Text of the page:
Local resident experiences a deafening noise as Sally surges through Panama City Beach
Photography by Michelle Wells earlier this morning at Panama City Beach, Florida. Video shot this morning as well as Sally made herself known on the Gulf Coast.
Time for walks on the beach, ocean air, and plenty of sunshine. That’s what Michelle Wells thought as she headed to Panama City Beach, Florida this past Saturday. The car was loaded up and the wheels set in motion. Wells knew she was ready for a break. So ready for a break that she didn’t check the extended forecast until she was well on her way.
Sally or no Sally, the planned vacation was freeing for Wells. After seeing the weather forecast, Wells said, “I wasn’t scared of Sally as I knew she was a tropical storm. Emotionally, I was disappointed to find out half of our vacation would be spent inside after spending so much time indoors at home due to COVID-19."
Wells said, “We started seeing pieces of Sally when we arrived on Saturday.” Knowing they would need supplies, the family went shopping as soon as they got there. They bought extra water and groceries to last for a couple of days.
Wells had booked a condominium from a friend on the 20th floor at the beach. She said, “I’ve been in tropical storms before but not like this one. It’s different on the 20th floor. The noise has made me nuts.”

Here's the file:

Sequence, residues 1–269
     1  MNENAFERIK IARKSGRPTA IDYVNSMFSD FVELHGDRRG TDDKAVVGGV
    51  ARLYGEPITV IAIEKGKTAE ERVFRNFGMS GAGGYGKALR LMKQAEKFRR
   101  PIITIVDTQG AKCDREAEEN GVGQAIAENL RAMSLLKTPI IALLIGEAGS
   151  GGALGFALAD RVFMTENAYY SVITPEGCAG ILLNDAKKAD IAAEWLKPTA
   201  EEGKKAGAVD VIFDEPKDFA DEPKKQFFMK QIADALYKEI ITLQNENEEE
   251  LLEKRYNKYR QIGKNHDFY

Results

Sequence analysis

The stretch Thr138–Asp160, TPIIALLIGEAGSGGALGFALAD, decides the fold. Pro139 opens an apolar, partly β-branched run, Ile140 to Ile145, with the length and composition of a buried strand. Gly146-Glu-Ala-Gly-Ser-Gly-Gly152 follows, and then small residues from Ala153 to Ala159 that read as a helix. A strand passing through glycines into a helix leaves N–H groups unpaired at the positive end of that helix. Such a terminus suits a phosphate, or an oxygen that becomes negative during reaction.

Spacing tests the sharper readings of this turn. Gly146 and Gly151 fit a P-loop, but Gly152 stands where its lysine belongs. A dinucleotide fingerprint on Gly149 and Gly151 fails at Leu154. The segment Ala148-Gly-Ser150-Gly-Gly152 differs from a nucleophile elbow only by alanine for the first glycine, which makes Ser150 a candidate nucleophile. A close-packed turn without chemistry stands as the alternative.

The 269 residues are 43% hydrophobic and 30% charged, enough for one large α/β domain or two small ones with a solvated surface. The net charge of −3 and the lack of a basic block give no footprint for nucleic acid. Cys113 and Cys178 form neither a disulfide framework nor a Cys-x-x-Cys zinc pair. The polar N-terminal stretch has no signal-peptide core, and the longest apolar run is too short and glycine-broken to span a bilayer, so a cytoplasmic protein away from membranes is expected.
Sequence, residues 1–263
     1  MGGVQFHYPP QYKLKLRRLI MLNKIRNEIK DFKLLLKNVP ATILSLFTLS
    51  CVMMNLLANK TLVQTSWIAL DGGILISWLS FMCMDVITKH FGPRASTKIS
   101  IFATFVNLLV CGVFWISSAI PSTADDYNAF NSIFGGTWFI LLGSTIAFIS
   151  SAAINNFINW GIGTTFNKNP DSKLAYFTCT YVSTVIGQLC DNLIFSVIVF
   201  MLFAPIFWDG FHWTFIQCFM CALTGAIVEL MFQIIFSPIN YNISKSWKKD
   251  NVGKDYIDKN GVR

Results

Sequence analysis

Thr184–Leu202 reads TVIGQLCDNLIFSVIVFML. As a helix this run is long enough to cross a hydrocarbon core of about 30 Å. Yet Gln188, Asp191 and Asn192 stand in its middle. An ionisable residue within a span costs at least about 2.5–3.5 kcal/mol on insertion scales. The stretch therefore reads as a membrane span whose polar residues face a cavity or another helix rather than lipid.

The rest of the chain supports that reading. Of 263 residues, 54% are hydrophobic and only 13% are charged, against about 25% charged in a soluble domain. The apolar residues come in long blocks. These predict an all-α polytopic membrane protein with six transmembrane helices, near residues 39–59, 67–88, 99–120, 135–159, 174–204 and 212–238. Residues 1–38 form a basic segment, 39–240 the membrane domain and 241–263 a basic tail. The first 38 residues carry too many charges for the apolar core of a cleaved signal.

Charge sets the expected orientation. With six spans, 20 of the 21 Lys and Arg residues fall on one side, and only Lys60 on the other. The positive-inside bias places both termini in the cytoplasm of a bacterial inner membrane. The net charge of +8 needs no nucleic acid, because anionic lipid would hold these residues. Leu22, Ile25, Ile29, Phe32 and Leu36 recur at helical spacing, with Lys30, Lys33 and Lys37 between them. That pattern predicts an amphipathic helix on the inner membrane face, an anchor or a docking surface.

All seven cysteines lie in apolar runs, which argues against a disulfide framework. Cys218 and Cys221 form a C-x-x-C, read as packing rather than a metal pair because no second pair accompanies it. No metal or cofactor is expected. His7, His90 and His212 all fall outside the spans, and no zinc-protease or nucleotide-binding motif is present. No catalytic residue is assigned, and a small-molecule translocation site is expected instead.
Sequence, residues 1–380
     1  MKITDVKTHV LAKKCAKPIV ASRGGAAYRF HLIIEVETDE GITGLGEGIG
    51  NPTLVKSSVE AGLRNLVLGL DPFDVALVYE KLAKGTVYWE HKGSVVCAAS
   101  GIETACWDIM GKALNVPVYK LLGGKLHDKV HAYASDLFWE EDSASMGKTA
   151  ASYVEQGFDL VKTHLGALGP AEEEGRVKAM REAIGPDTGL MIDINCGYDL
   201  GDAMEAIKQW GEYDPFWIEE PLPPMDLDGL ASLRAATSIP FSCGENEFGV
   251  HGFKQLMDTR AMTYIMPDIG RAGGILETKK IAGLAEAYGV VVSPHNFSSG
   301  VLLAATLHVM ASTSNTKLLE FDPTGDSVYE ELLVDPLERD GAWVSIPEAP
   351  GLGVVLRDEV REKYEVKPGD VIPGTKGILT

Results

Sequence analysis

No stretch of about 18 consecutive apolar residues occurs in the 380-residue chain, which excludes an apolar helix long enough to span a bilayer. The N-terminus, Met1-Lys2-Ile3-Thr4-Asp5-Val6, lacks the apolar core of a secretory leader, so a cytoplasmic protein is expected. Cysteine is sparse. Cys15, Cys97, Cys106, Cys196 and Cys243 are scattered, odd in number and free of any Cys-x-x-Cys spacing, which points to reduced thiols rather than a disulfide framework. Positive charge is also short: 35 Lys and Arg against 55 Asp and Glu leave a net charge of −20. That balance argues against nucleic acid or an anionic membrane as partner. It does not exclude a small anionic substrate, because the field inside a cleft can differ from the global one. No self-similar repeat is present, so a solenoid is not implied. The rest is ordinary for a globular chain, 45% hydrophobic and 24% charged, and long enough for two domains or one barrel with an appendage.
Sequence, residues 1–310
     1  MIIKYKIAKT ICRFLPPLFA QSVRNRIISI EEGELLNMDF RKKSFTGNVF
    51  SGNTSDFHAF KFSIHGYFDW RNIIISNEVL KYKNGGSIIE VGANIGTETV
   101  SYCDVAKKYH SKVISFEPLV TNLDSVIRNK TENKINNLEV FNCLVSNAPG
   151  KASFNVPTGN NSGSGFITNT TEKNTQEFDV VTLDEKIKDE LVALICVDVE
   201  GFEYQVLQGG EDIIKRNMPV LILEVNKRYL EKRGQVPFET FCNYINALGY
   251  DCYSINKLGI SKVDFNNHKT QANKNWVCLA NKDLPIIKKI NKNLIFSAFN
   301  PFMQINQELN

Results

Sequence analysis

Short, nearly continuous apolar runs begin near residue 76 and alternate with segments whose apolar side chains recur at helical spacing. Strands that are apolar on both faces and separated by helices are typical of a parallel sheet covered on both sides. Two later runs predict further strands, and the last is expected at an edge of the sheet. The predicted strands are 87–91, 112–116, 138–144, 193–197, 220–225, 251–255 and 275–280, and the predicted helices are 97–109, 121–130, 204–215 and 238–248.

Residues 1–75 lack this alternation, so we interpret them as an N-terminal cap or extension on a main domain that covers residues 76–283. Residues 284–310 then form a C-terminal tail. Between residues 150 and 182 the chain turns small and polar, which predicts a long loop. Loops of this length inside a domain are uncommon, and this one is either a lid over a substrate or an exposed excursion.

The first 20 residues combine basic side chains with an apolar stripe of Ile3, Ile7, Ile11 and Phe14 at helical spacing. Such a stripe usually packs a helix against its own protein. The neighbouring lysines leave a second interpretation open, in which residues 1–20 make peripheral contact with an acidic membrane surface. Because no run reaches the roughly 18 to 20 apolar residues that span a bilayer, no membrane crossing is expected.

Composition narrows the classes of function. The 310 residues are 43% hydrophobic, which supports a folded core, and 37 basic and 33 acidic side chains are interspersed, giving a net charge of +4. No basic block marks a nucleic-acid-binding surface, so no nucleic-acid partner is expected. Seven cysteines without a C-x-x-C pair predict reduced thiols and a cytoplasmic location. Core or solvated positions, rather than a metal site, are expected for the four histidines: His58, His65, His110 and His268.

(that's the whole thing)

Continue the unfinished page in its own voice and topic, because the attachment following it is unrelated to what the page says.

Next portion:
As the wind continued to howl, Wells expressed an attraction to storms. “Friends and family call me “Mrs. Cantore” during our bad weather back home. I call my kids to remind them to be aware of their surroundings. Mother nature fascinates me.”
“Last night was a little scary,” Wells admitted. “The noise was deafening. My phone alarm went off all night with tornado alerts.” Several times, the family took shelter in the bathroom during the warnings.
The ocean was ferocious. Wells said "it (the ocean) was churning and churning. I’ve never seen waves this high before in Florida.”
After speaking with Wells this afternoon, she said the worst was over but expects to have more warnings continue throughout the day. “Tomorrow we should be able to get on the beach and relax,” she said. “I’m ready for some sand between my toes.”
In the video shot by Wells Wednesday morning, there were people walking around at the edge of the water. Wells said, “We thought about getting out and walking on the beach but one minute things were fine and the next you couldn’t see two feet in front of you.”
The family has been going to Destin and Florida for many years and have only been told to evacuate twice due to hurricanes. “It’s not fun being evacuated," said Wells.
As Sally makes her way through Alabama, Florida, Georgia, and out to the Atlantic, the rain, surge and wind has definitely caused some damage. Just up the coast closer to the epicenter of the hurricane is Pensacola, Florida. Mayor Grover C. Robinson spoke with one of the Weather Center meteorologists about the storm. He talked about the howling wind, the crashing waves, and the endless rain. He said that the rain was the worst part. “One of the things about living on the gulf coast is understanding resiliency. Mother nature needs to be respected.”